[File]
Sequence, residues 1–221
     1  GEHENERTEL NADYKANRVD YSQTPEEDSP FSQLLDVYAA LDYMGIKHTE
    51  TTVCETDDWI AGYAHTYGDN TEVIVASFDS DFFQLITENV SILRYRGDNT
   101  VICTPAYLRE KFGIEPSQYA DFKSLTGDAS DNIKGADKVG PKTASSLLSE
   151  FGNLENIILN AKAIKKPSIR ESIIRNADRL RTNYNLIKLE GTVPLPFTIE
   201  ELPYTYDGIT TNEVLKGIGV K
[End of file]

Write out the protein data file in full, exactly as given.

Sequence, residues 1–221
     1  GEHENERTEL NADYKANRVD YSQTPEEDSP FSQLLDVYAA LDYMGIKHTE
    51  TTVCETDDWI AGYAHTYGDN TEVIVASFDS DFFQLITENV SILRYRGDNT
   101  VICTPAYLRE KFGIEPSQYA DFKSLTGDAS DNIKGADKVG PKTASSLLSE
   151  FGNLENIILN AKAIKKPSIR ESIIRNADRL RTNYNLIKLE GTVPLPFTIE
   201  ELPYTYDGIT TNEVLKGIGV K